Tuesday, October 18, 2011

Your Mother Doesn't Live Here......

... kindly "clean up"accordingly.

You might not guess from the title of this post, but it is NOT about our homes... it is about SHUL.

It is surprising how many people who need to revitalize their arba minim over Succos, think nothing of leaving the detritus of their lulav's previous life scattered about shul. Dead haddassim. Woefully overshaken arovos. Just left for garbage where ever they were removed. Is this kovod beis hakneses? Am I expecting too much? Does your wife follow you around with a garbage bag at home?

Don't get me started on residents and guests alike who borrow seforim, siddurim and machzorim from the back of shul and when davening is over, just leave them at the seats. You're passing the book shelves on your way out any way, IS IT SO MUCH TO ASK TO RETURN THINGS TO THEIR RIGHTFUL PLACE??! Am I the only one, who when travelling out of town for Shabbos or Yom Tov still returns seforim to where I got them? Is this also becoming passe? "Go with the changes... Lighten up".
Must I?


BLD said...

Its a Mess-Mitzvah

G6 said...

OK, BLD....
for the first time in a long time - - - you made me laugh ;)

WAdsworth3 said...

...and that is *before* the Simchas Torah candy comes out.

Litvak said...

Right on!

I wouldn't be surprised if some of these same offenders also litter elsewhere, e.g. throw garbage like empty soda cans, bags, etc., out of their cars when they are finished eating in them.

Chillul Hashem and improper.

Anonymous said...

Hear, hear!

itsagift said...

I agree with you one hundred percent. It bothers me to see when people don't put things back where they belong. We were always raised with that awareness-you don't own the world and you need to return things to their proper places.

I can't stand it when people litter. I was once walking down the street and saw a kid open up a candy and throw the wrapper on the floor when the public trash can was literally two feet away from him. In front of his face, without a word, I bent down, picked up his wrapper and threw it in the garbage. I hoped he got the message. I've done it a few times when I saw kids throwing their wrappers on the floor. Sometimes I'm even brave enough to say something too. Kids need to learn it somehow!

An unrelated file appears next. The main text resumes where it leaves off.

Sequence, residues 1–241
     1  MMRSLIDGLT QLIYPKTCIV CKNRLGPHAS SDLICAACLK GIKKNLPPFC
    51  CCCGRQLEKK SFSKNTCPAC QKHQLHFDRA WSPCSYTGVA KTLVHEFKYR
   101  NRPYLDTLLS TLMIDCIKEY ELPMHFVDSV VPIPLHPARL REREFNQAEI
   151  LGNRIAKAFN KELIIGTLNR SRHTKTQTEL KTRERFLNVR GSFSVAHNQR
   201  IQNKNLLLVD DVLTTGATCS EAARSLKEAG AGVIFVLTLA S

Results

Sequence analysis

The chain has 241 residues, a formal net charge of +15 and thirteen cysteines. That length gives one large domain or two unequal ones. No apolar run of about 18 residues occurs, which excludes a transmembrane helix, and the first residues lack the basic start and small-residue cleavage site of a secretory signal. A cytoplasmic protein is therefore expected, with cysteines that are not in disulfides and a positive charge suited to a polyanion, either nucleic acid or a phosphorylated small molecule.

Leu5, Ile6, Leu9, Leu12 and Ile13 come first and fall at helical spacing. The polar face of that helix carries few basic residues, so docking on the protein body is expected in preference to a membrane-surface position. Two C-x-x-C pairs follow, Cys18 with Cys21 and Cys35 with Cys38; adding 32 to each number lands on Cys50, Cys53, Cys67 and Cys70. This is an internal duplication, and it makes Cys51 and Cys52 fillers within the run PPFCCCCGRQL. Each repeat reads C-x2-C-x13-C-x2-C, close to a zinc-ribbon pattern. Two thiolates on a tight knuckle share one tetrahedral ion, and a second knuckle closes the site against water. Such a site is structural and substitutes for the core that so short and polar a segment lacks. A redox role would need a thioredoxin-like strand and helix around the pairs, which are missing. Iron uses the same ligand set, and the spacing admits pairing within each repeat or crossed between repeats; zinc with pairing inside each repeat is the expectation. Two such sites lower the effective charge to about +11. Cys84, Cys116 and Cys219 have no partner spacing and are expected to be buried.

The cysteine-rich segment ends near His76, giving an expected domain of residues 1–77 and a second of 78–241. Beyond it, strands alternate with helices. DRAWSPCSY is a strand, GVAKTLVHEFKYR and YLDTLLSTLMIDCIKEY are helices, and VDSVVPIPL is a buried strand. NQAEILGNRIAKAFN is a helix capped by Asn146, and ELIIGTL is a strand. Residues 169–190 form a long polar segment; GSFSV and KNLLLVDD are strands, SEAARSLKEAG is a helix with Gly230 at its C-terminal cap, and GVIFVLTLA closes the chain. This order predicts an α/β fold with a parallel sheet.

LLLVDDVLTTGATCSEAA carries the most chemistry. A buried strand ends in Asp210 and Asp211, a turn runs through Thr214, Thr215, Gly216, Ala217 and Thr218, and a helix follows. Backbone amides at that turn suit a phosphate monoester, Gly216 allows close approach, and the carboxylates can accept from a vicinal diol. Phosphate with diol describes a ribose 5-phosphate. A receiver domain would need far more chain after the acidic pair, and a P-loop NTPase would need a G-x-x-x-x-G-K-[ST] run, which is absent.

G6 said...

itsagift -
I have this "thing" about kids who don't hang up their coats in shul, even when there are plenty of hangars available. They insist on throwing their coats over the stairway bannister.
What do I do?
I love to watch the panicked kids thinking somebody "stole" their coat, because it's where it should be, until they find them on the racks!!!
{evil grin}

itsagift said...

G6-I like that!

Reminds me of when I leave the grocery store. I don't understand why the shopping carts are left in such a mess so...I'll straighten them all out. It takes a few extra minutes but if each person would just put their own cart back, the stores would look so much neater!

YW said...

Maybe you could help me out, I always wondered why there is no coat rack in schul for the men? Where are we suppose to put our soaking wet rain coats?

Avram said...


A very good and valid question. From what I was told, when the shul was built they had the opportunity to acquire the property all the way out to Broadway (where the current medical building and parking lot is now). Being very conservative the people in charge at the time felt that purchasing that extra property would be more than they could afford and limited the building to what we know today as our bais haknesses and elementary school building. Had they purchased the entire property there would have been plenty of room to build a large vestibule with space for a coat room and even restrooms. When I was young there were fixed coat racks downstairs where everyone was encouraged to hang their coats. For the most part this worked quite well except for some of the older people for whom it was difficult to walk the stairs and therefore put their coats on the seats in the back row of shul. Eventually the area where the coat racks were located was closed off and made into storage space for the kehilla office. People then had no choice but to leave their coats upstairs on the seats. As by that time the shul was emptier people were able to find enough empty seats in closer proximity to their own seats so they just put their coats near them.

A number of suggestions have been made over the last few years to section off a part of the back of shul and make it into a coat room. However, the rabbinate has determined that doing so would diminish the level of kedusha of that area and therefore did not permit this to be done.

I, personally, have not been able to get used to leaving my coat on the seat next to me in shul and therefore have taken to putting my coat in the shiur room. A number people have been doing this as well. The rav was even asked at one point if we could put a coat rack in the shiur room, but he said that we couldn’t.

So, in a nut shell, you can put your coat on the empty seat near yours or in the shiur room. Of course there are always some people (probably the same ones who don’t put away their seforim) who actually have the nerve to leave their coats on the window sills or even hang them on the windows. These usually don’t last too long as I am quite vigilant (and there are others like me) at removing these coats and put them on a nearby seat.